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No Hiding Place An Autobiography Hardcover – 1942
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William Buehler Seabrook (1884 –1945) was an American Lost Generation occultist, explorer, traveler, cannibal, and journalist, born in Westminster, Maryland. Besides his books, Seabrook published articles in popular magazines including Cosmopolitan, Reader's Digest, and Vanity Fair. In autumn 1919, English occultist Aleister Crowley spent a week with Seabrook at Seabrook's farm. Seabrook went on to write a story based on the experience and to recount the experiment in Witchcraft: Its Power in the World Today. Seabrook had a lifelong fascination with the occult practices of satanism and Haitian Vodou, which he witnessed and described firsthand both in Third World countries. He later concluded that he had seen nothing that did not have a rational scientific explanation. In December 1933, Seabrook was committed at his own request and with the help of some of his friends to Bloomingdale, a mental institution in Westchester County, near New York City, for treatment for acute alcoholism. He remained a patient of the institution until the following July and in 1935 published an account of his experience, written as if it were no more than another expedition to a foreign locale. On September 20, 1945, Seabrook committed suicide by drug overdose.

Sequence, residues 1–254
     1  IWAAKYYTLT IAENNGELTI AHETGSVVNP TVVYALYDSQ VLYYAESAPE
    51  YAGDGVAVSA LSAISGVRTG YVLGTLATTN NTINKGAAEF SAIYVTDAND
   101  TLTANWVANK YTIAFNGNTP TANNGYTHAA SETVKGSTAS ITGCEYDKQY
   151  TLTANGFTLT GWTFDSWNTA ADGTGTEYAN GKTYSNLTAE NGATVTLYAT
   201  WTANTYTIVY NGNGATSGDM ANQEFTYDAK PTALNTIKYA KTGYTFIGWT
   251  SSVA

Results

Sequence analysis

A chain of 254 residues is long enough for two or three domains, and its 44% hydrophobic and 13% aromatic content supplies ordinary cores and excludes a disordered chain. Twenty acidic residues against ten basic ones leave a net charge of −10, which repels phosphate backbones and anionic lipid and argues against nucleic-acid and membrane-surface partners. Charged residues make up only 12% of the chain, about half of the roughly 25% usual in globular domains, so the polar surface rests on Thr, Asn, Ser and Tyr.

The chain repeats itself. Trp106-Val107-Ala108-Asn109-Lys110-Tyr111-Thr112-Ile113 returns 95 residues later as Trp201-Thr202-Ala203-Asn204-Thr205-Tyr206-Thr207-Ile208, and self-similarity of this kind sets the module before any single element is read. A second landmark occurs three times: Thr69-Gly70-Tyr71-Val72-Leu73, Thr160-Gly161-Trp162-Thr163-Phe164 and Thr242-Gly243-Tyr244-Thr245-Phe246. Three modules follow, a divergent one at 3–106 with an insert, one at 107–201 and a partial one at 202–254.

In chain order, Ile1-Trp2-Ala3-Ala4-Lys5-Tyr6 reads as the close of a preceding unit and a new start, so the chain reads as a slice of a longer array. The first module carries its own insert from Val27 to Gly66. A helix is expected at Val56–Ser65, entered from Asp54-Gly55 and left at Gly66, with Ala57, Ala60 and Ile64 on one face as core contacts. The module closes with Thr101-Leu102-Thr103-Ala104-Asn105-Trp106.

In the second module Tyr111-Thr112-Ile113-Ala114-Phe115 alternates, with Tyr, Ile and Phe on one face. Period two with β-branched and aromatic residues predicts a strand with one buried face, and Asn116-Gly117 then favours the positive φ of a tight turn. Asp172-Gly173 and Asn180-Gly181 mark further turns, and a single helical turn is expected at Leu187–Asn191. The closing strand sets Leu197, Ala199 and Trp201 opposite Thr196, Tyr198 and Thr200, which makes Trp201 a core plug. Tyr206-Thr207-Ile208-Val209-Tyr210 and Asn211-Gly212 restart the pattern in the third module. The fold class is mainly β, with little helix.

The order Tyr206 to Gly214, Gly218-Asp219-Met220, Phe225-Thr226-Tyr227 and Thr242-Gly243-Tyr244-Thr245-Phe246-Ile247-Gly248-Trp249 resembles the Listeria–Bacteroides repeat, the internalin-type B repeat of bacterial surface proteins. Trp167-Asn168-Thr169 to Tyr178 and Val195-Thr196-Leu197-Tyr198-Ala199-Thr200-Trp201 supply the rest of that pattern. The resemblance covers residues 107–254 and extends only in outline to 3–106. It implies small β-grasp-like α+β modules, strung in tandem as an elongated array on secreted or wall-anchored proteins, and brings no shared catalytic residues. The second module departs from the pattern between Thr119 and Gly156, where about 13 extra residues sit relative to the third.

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Addendum: I read this book about 3 or 4 months before writing this review. I have since read "The Strange World of Willie Seabrook" by Marjorie Muir Worthington (his second wife). Her book is a memoir of their life together. My advice is, if you're going to read No Hiding Place, you should first read Mrs Worthington's book. Then maybe you can have a little better grasp of what the man was about and, given his early life, maybe get a little better understanding of him, at least insofar as is possible.